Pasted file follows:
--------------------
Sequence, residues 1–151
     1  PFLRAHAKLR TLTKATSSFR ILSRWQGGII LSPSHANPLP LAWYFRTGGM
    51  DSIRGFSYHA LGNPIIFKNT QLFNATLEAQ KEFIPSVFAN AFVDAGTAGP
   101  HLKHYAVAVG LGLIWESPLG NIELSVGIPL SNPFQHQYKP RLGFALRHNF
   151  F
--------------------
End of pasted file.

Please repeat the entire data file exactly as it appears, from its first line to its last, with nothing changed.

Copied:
Sequence, residues 1–151
     1  PFLRAHAKLR TLTKATSSFR ILSRWQGGII LSPSHANPLP LAWYFRTGGM
    51  DSIRGFSYHA LGNPIIFKNT QLFNATLEAQ KEFIPSVFAN AFVDAGTAGP
   101  HLKHYAVAVG LGLIWESPLG NIELSVGIPL SNPFQHQYKP RLGFALRHNF
   151  F